Nikon TE2000-PFS Perfect Focus System
Always in perfect focus. When the PFS feature is turned on, the position of the
coverslip is always detected during observation, and the data is continuously
fed back to the focusing mechanism thanks to Nikonís proprietary COF (Continuous
Optical Feedback) technology.*
Perfect focus to the plane of interest. Focus is continuously corrected at any
plane of interest throughout the specimen by the Optical Offset feature*.
High-precision focusing. By combining the highly sensitive focus detection
system and the extremely accurate Z-axis control system of the TE2000-E,
focusing precision of less than 1/3 the focal depth of the objective is
Long-term focal maintenance. Just turn the PFS on - consistent focus will be
maintained, even for several days.
Focus detection with infrared light. PFS uses a 770nm wavelength LCD (which does
not affect fluorescence observation) for focus detection. Therefore,
observations and focus maintenance are carried out simultaneously, with no
effect on captured images.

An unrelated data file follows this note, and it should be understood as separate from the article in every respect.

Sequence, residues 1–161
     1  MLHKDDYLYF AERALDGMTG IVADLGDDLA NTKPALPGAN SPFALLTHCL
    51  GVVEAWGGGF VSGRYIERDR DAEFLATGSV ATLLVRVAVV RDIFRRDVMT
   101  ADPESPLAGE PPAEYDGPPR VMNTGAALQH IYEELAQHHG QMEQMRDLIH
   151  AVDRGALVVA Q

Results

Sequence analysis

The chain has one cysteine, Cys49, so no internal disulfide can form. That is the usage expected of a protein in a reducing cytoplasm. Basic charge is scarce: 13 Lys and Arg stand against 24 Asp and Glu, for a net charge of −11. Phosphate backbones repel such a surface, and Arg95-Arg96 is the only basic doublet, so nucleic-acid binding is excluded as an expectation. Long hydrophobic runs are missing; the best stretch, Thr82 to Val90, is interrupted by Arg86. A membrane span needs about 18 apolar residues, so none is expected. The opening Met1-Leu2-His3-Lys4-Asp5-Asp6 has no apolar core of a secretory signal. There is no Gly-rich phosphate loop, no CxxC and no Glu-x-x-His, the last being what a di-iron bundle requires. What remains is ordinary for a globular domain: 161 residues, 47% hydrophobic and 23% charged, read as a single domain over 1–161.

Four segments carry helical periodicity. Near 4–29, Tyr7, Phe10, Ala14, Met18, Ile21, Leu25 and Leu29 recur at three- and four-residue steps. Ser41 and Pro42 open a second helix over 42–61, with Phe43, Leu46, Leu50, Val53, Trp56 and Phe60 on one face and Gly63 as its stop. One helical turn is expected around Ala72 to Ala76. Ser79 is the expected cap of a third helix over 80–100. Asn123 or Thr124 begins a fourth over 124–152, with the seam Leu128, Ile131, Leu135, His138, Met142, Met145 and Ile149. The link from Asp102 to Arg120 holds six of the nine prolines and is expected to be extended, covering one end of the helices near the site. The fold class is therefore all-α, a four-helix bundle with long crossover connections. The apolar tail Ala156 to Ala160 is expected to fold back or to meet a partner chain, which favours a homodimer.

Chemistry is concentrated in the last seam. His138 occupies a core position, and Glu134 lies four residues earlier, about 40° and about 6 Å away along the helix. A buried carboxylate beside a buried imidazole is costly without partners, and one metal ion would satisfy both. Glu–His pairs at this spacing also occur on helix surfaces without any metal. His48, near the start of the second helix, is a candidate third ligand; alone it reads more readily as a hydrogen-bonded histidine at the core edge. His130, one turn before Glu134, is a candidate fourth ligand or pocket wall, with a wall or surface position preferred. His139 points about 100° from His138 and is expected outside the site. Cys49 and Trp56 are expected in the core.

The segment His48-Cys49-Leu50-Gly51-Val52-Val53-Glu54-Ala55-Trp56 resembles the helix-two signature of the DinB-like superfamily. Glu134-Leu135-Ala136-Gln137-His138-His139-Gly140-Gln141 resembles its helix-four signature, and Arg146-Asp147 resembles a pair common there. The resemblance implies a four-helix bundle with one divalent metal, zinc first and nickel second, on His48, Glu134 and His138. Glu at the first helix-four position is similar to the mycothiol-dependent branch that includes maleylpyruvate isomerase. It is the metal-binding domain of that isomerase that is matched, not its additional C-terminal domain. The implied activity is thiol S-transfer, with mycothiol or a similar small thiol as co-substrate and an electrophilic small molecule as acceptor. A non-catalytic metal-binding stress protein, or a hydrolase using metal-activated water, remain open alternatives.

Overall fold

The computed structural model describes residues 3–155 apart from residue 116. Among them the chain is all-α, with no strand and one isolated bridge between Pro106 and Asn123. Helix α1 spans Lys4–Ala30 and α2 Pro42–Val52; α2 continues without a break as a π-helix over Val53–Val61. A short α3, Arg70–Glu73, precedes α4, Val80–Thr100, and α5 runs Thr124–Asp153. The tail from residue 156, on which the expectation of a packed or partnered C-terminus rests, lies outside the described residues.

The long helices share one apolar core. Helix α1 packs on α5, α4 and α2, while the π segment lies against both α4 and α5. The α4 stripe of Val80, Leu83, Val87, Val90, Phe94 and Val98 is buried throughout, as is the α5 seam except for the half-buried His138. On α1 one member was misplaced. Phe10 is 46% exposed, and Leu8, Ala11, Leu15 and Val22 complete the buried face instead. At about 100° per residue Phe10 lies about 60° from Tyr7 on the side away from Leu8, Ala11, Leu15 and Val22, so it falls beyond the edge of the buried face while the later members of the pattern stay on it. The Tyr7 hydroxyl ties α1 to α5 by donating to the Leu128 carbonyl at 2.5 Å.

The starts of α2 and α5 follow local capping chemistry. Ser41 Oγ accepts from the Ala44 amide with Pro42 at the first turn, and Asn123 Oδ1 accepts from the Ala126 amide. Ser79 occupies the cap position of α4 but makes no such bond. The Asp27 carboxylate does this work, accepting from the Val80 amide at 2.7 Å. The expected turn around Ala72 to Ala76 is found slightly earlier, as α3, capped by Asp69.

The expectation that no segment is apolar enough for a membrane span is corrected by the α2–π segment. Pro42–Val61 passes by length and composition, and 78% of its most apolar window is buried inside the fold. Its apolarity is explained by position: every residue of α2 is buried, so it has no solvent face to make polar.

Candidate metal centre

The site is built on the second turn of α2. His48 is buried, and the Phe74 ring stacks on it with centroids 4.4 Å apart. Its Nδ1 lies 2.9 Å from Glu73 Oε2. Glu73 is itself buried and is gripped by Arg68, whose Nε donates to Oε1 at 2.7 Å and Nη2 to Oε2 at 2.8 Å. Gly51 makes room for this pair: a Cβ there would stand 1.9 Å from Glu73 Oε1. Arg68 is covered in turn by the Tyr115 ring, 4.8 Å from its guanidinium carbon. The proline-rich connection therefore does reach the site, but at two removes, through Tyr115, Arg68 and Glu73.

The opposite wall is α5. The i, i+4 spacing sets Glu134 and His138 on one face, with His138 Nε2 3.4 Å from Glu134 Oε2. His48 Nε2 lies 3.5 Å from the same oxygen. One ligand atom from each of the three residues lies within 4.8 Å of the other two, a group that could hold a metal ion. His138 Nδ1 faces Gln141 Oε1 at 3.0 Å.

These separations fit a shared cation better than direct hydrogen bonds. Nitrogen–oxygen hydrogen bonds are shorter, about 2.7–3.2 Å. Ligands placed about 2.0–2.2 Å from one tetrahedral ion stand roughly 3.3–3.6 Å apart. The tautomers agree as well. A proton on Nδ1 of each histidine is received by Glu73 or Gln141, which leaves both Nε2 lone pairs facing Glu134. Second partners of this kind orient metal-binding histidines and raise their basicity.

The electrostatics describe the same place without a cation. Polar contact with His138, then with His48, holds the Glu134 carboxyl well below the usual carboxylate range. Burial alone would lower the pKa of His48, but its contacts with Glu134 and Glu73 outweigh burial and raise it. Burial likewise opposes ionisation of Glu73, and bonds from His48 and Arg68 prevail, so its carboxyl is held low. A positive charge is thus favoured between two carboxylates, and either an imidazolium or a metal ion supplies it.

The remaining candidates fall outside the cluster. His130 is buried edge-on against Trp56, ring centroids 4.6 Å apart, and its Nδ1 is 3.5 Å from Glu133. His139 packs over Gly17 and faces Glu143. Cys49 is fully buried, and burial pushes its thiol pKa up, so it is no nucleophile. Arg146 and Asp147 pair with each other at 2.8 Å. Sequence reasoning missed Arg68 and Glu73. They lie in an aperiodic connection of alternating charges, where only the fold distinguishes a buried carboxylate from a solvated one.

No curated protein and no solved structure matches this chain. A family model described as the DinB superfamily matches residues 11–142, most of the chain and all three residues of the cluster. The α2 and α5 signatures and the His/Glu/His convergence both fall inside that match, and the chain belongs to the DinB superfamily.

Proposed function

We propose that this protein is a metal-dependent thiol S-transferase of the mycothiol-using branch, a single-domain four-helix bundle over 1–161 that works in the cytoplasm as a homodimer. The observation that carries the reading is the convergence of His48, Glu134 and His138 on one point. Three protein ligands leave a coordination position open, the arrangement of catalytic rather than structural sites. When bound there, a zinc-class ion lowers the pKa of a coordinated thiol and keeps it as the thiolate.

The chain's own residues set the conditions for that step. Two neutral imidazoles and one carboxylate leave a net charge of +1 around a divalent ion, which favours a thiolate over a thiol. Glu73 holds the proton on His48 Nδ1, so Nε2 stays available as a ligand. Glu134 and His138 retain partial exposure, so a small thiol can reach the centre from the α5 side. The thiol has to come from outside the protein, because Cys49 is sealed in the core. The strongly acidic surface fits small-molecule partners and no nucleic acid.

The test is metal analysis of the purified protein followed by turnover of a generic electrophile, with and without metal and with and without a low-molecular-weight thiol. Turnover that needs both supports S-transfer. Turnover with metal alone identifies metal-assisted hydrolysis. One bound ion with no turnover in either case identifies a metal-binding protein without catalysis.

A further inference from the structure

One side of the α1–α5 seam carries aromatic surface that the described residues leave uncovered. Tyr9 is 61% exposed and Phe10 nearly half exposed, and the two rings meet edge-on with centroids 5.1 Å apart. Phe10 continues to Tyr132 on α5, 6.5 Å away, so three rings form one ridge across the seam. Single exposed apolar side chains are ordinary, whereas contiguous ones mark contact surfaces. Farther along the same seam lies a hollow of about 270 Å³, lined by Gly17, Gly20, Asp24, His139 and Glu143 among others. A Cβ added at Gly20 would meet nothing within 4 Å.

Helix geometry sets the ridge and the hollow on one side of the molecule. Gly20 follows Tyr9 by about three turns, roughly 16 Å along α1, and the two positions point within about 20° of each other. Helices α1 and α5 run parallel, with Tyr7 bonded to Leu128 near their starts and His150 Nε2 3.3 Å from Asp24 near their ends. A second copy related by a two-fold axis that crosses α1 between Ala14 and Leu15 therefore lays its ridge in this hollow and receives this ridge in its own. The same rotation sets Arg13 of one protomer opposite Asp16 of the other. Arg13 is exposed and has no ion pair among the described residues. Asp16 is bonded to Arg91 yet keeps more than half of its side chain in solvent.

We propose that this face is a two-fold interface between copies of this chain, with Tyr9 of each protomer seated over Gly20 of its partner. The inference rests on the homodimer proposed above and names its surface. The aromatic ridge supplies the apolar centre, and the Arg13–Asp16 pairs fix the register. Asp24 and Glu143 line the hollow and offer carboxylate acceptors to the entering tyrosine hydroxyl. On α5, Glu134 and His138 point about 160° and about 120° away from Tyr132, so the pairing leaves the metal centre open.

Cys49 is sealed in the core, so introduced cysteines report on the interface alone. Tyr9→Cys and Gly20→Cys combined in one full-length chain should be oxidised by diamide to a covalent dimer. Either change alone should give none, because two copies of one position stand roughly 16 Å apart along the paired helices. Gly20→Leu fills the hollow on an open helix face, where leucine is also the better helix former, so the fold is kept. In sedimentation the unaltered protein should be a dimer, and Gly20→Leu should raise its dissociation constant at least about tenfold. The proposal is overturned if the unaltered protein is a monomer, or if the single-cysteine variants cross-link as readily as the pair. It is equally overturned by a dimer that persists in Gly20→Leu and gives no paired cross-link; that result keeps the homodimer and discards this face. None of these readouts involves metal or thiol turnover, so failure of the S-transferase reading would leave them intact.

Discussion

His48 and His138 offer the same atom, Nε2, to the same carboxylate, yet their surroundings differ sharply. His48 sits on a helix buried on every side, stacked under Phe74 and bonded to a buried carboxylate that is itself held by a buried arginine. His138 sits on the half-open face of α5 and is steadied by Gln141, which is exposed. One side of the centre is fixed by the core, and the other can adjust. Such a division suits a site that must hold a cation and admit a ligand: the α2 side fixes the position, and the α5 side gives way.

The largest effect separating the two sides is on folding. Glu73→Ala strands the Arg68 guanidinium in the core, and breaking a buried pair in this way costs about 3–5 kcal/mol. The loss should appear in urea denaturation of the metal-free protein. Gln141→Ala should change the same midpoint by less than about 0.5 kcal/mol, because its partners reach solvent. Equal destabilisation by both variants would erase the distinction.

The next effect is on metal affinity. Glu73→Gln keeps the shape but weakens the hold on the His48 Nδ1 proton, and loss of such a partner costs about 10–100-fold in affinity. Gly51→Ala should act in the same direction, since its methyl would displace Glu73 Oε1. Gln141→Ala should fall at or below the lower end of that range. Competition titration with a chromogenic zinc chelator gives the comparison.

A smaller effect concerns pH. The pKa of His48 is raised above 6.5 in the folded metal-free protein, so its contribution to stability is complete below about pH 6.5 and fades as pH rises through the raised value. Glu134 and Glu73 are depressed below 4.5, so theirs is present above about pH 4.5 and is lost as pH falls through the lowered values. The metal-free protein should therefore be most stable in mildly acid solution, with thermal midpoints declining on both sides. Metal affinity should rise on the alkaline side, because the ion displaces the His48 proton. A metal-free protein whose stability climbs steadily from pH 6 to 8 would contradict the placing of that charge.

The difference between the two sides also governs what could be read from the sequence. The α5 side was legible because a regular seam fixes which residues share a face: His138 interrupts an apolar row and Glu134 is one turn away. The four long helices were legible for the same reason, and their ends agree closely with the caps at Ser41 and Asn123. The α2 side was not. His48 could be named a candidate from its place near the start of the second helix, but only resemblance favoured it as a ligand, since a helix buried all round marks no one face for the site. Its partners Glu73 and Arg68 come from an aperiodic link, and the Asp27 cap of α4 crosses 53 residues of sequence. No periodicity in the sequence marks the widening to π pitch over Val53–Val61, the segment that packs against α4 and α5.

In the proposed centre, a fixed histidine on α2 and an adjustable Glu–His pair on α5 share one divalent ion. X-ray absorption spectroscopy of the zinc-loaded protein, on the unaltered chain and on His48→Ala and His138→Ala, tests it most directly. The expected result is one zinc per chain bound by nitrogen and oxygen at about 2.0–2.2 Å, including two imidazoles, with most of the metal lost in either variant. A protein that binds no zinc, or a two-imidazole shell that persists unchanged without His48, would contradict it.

Supports all observation methods. PFS is compatible with a wide array of
observation methods, from brightfield, fluorescence to DIC, TIRF, phase
contrast, and others.
PFS strongly supports live cell applications such as Laser TIRF and White-light
TIRF Multi-fluorescence Imaging.
Acclaimed CFI60 objectives. Nikon's CFI60 infinity objectives provide high
numerical apertures and long working distances. Since tube-lens focal length is
200mm, there is no aberration even when various optical components are
introduced into the optical path.
Can be operated from a PC using third-party application software.
Objective anti-collision mechanism prevents objectives from hitting the stage
when changing magnifications.
Five output ports, including a bottom port, are standard and can be easily
switched via motorized control.
Micron Optics, 240 Cedar Knolls Road , Cedar Knolls, NJ 07927
*GIF animation at top is a conoscopic image of quartz captured
through an E600pol microscope using the Nikon DXM-1200 digital camera.
Courtesy of Daniel Sparling, former employee and now clergyman in training